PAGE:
(2004). Caring or controlling? The East End of London in the 1880s and 1890s.
In: Emsley, Clive; Johnson, Eric and Spierenburg, Pieter eds.
Social control in Europe: Volume 2, 1800-2000.
Columbus, Ohio, USA: Ohio State University Press, pp. 149–166.
An essay which questions the orthodox position that late nineteenth-century philanthropy was motivated by the desire of the middle classes to control the poor. It suggests that 'social control' is too crude a concept with which to work and that it is unwise to reduce everything to power relations. It suggests that philanthropists were inspired by purer motives and that for some their work grew naturally out of the parochial structure of the Church of England. Others found in it an outlet for their personal talents of caring and managing. The essay is based on a detailed investigation of the work of Samuel Barnett, Octavia Hill, Osborne Jay, Charles Booth, Kate Courtney and Beatrice Potter (later Webb) and others. It uses a case study of Katharine Buildings, Cartwright Street to explore the concept of social control in some detail and to extend our knowledge of the motivations of these people in seeking to shape the lives of the poor as well as of the implementation of their work.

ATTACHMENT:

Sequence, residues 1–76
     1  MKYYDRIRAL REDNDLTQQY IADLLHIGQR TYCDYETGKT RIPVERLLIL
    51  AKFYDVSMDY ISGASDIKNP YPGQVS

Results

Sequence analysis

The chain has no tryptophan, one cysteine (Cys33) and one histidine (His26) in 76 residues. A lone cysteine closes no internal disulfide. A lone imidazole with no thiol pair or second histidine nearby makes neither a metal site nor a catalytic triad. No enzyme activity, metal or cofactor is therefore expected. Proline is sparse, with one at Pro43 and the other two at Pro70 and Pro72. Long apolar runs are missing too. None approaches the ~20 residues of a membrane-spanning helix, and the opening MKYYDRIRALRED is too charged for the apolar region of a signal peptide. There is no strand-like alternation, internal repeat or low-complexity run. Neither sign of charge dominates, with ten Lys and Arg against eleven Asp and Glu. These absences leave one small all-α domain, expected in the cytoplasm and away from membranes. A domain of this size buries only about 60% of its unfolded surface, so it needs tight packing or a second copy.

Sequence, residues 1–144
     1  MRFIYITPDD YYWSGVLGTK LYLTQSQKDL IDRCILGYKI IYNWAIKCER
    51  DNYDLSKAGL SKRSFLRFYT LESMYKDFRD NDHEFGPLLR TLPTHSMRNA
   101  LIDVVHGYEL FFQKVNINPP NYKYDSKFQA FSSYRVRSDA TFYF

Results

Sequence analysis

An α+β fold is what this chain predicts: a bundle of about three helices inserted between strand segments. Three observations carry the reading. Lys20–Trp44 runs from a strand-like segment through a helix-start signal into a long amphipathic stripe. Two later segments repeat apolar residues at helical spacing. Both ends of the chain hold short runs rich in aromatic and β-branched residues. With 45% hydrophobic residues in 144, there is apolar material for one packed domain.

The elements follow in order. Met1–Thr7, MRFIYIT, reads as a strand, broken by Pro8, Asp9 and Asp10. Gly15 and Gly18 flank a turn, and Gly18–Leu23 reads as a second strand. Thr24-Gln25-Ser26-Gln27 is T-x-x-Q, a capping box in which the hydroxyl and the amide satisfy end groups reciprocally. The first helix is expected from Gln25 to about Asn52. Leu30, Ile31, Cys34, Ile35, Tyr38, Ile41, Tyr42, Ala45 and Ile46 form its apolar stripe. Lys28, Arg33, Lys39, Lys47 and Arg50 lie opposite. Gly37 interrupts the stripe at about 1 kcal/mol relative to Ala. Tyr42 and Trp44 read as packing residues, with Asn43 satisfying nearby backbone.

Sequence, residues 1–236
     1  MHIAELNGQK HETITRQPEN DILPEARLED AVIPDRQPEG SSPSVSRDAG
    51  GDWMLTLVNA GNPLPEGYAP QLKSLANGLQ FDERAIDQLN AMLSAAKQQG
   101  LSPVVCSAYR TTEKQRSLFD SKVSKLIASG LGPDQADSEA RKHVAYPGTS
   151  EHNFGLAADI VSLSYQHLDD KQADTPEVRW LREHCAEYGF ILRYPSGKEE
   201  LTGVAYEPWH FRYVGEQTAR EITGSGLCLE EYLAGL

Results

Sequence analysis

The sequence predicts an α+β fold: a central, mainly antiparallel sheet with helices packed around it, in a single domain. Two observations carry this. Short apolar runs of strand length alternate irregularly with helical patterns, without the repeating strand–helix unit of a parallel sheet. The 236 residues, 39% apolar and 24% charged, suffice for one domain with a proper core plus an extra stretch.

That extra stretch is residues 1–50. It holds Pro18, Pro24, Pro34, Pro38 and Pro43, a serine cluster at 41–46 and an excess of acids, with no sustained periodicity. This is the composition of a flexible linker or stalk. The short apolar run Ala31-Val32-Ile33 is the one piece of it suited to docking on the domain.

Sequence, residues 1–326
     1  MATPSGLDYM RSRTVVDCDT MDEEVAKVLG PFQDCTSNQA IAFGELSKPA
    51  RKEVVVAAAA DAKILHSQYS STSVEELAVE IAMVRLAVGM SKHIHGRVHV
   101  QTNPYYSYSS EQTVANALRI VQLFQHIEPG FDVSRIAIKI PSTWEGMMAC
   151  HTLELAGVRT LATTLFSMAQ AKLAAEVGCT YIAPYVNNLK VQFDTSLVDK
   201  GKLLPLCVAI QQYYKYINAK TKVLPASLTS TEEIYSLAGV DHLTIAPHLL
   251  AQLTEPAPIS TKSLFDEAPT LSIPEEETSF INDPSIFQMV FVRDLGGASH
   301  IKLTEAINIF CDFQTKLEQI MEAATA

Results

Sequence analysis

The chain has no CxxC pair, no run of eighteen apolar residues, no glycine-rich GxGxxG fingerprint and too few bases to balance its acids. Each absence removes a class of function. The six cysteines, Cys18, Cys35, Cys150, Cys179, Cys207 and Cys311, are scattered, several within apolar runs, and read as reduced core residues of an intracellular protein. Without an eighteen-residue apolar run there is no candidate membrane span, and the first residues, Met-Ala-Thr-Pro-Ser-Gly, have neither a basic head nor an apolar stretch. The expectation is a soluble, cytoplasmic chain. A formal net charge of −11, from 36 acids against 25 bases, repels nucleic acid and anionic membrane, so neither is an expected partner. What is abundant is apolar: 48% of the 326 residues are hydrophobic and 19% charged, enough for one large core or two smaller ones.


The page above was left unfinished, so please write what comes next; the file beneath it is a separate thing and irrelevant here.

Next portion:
||Social Control; Religion; Parish; Social Care; Poverty; Poor; East End of London; Katharine Buildings; Charles Booth; Samuel Barnett; Octavia Hill; Kate Courtney; Beatrice Potter; Beatrice Webb; Ella Pycroft; Charity Organisation Society, COS; East End Dwellings Company; Housing
||Arts > History
|Interdisciplinary Research Centre:
||International Centre for Comparative Criminological Research (ICCCR)
||16 Jun 2006
||02 Dec 2010 19:47
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